Thursday, September 8, 2011

I Want to Die . . . when all Hope is Lost.

Have you ever felt like death would be a welcome alternative to living?  That life is so awful that you have lost all desire to continue existing in a world that seems to offer no hope?  Maybe you have said to yourself, “I wish I had never been born?  Don’t despair, you are not alone and there is hope for you.

In my quiet times I am continuing to read Job, a man that holds fast to his integrity.  He rests in his faith alone, but that doesn’t ease the pain of his suffering.  After being bankrupt and losing his children, he is further tested by painful, loathsome sores from head to toe.  Clearly, the hand of God has come down swift and hard on this mortal man.  His days of prosperity and respect are a distant memory as friends come to sit in horror as they gaze upon this broken and downtrodden figure of a once great man.

Immediately after being plagued by these excruciating boils, Job still has a healthy perspective on life.  He says, “Shall we receive good from God, and shall we not receive evil?” (2:10)  But after more than a week of intense suffering with oozing sores that pound his flesh with extreme agony and misery Job is ready to die.  He laments the day of his birth and wishes that he had never been born.  He prefers death  to the extreme torment that he now endures without hope (1:11; 7:6).  In the story of Ruth, Naomi has a similar experience after losing her husband and two sons.  She wants to change her name to “Mara” which means “bitter” because she too has lost all hope.

Loss of hope is devastating and blinding.  One of the dangers of losing hope is the inability to view life accurately.  Job loses hope and therefore wants to die and wishes he had never been born.  He forgets the joy of spending time with his children and the laughter of life.  In the same way, Naomi sees only hardship, pain and turmoil.  Naomi forgets what awaits her back in Israel, several kinsman redeemers. Naomi seems blind to the fact that Ruth, her daughter-in-law, is forgoing all hope of marriage, family and friends for her sake.  In reality, Naomi has many things to give her hope.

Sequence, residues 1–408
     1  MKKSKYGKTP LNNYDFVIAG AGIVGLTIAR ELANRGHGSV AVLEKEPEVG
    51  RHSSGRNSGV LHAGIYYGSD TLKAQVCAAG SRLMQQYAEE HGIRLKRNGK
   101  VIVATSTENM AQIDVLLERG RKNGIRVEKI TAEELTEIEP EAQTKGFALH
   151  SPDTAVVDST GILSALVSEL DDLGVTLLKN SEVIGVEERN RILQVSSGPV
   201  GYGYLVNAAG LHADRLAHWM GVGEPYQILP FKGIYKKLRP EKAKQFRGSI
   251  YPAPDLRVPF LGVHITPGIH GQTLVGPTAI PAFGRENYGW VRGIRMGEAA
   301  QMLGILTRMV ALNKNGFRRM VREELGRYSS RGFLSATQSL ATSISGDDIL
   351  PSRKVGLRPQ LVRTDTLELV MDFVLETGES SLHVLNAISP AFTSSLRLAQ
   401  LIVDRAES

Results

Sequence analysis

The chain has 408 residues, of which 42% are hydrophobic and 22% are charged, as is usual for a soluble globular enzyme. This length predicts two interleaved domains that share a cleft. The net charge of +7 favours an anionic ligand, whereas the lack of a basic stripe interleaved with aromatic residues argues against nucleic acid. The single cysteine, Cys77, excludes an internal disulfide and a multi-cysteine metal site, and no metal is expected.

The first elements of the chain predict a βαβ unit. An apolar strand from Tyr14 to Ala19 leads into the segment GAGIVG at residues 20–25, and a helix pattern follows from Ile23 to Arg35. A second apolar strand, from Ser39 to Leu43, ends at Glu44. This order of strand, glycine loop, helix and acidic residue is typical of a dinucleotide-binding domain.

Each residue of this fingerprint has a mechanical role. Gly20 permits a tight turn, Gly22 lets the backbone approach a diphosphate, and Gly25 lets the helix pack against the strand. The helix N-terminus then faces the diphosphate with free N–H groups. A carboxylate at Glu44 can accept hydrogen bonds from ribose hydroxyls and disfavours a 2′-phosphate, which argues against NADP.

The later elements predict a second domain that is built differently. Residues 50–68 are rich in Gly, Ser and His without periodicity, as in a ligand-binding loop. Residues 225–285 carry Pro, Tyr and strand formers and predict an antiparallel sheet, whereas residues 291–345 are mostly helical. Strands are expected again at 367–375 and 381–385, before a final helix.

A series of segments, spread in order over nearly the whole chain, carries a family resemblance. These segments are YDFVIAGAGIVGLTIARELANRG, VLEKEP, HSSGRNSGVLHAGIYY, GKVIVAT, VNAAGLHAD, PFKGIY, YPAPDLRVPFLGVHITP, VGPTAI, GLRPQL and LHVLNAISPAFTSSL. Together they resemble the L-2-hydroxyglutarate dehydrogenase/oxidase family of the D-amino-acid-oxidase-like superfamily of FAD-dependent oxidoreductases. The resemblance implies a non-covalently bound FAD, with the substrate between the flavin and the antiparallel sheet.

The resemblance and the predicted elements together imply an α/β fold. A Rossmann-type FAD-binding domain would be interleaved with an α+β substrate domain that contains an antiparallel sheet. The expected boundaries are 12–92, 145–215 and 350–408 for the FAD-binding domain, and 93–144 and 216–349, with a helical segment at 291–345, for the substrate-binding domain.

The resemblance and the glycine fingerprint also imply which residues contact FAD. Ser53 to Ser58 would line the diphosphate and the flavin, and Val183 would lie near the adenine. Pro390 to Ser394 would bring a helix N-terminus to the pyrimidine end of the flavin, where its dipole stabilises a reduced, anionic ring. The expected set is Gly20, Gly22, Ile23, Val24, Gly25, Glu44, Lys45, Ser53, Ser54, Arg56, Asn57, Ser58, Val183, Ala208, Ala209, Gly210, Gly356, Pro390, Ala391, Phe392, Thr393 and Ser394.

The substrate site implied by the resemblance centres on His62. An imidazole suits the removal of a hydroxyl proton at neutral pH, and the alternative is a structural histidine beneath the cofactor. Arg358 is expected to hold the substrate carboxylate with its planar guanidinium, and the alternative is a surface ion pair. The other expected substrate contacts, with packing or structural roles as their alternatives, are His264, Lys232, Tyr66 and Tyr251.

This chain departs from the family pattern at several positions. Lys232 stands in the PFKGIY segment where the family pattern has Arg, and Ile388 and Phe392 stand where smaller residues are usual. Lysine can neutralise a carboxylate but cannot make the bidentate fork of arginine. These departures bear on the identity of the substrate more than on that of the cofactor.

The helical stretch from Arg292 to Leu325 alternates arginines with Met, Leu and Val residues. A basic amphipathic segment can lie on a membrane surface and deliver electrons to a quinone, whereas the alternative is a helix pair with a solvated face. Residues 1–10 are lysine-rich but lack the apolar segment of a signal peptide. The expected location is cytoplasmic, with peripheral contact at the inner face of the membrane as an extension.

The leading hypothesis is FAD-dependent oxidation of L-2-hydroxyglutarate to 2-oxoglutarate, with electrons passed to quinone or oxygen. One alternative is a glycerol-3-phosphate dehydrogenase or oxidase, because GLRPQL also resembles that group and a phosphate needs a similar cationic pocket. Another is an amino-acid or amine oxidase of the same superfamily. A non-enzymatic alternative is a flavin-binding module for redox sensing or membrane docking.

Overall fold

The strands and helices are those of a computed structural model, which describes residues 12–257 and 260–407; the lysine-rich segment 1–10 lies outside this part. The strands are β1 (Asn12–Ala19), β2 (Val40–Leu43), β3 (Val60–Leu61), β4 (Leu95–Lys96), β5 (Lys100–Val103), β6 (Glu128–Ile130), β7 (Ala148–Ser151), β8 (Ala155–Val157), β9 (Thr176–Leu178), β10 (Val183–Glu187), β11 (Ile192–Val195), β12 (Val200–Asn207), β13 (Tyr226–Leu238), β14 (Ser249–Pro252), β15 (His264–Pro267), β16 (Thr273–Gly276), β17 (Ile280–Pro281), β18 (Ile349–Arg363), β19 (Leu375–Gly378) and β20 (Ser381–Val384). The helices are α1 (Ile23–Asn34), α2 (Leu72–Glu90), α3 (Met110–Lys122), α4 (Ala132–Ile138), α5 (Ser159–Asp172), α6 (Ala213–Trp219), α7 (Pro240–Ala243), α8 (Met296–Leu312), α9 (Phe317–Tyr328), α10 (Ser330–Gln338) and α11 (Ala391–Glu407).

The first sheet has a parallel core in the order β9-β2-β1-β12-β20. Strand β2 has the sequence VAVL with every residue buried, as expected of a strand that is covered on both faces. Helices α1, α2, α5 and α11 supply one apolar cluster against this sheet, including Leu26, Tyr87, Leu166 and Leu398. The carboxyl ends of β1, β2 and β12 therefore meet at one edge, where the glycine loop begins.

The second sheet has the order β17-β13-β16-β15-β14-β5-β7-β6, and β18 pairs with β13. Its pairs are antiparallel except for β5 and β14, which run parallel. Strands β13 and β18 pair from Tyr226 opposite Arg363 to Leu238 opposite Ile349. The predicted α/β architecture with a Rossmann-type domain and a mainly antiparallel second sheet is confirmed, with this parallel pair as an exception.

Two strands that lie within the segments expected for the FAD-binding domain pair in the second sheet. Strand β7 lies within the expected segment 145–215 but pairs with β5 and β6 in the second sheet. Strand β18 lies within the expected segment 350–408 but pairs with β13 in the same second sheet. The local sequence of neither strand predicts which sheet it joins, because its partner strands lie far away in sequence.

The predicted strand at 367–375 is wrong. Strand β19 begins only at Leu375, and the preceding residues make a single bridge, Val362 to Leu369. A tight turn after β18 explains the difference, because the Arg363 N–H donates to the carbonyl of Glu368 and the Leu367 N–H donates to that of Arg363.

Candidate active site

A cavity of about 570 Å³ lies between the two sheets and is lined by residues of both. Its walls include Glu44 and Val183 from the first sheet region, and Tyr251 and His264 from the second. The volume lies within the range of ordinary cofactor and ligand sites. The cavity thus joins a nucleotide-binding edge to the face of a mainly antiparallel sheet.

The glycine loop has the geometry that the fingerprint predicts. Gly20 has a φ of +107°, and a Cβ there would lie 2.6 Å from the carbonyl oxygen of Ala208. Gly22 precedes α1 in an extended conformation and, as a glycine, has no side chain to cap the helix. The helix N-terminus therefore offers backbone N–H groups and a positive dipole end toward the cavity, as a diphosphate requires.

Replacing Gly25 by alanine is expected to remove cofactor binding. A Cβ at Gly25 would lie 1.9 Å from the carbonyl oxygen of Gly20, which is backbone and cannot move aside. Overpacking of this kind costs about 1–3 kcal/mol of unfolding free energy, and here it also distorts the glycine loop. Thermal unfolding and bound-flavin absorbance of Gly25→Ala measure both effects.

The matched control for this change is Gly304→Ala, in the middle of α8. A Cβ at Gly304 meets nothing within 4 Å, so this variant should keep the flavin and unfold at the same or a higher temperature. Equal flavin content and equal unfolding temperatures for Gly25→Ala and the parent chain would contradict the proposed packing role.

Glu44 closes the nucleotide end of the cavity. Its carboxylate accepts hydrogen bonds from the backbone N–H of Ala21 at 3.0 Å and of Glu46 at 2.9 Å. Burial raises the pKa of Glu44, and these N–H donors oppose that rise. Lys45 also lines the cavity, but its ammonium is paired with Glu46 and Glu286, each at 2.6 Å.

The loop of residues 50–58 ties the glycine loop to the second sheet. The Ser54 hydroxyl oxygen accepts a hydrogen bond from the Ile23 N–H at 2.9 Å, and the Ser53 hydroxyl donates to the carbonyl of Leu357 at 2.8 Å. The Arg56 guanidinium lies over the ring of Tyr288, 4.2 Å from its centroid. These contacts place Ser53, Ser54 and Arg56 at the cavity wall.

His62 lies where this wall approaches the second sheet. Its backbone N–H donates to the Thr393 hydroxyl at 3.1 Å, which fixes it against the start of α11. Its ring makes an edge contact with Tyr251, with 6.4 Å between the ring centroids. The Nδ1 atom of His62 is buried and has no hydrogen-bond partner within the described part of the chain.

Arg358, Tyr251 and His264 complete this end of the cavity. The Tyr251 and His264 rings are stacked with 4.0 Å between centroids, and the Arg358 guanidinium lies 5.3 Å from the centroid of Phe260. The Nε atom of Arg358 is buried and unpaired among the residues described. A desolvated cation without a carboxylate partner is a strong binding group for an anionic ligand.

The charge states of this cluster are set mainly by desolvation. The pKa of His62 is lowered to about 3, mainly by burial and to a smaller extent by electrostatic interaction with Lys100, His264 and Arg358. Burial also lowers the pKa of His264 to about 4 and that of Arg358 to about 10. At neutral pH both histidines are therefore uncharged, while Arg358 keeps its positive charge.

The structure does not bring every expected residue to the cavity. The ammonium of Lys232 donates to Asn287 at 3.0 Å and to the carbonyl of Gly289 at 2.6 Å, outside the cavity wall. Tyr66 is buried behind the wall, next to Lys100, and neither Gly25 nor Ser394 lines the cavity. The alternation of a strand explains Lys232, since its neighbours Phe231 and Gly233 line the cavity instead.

When you are under great suffering, remember the stories of Job and Naomi.  There is always hope in our Lord and Saviour Jesus Christ.  Remember, “whatever is true, whatever is honorable, whatever is just, whatever is pure, whatever is lovely, whatever is commendable, if there is any excellence, if there is anything worship of praise, think about these things.” Phil. 4:8

-When you are feeling blue, begin to count the blessings in your life.  Remember the past blessings and try to find one or two things you can be thankful for in your present circumstances.  (See song below).
-Read the story of Ruth (it takes less than 20 minutes).
-Keep a journal.  When you encounter times of suffering, go back and read about fun times, encouraging family stories and blessings from your heavenly Father.
-Above all, don’t stop having a daily quiet time.  There is no quicker way to lose hope than cutting off your relationship with the One who gives us eternal hope.
-Read When the Darkness Will Not Lift by John Piper.  Free pdf version at

I remember singing this song in church as a boy.   
Count Your Blessings.

   When upon life’s billows you are tempest-tossed,
    When you are discouraged, thinking all is lost,
    Count your many blessings, name them one by one,
    And it will surprise you what the Lord hath done.

        Count your blessings, name them one by one,
        Count your blessings, see what God hath done!
        Count your blessings, name them one by one,
        *Count your many blessings, see what God hath done.
        [*And it will surprise you what the Lord hath done.]

    Are you ever burdened with a load of care?
    Does the cross seem heavy you are called to bear?
    Count your many blessings, every doubt will fly,
    And you will keep singing as the days go by.

    When you look at others with their lands and gold,
    Think that Christ has promised you His wealth untold;
    Count your many blessings—wealth can never buy
    Your reward in heaven, nor your home on high.

    So, amid the conflict whether great or small,
    Do not be discouraged, God is over all;
    Count your many blessings, angels will attend,
    Help and comfort give you to your journey’s end.

Written by Johnson Oatman, Jr., 1897.

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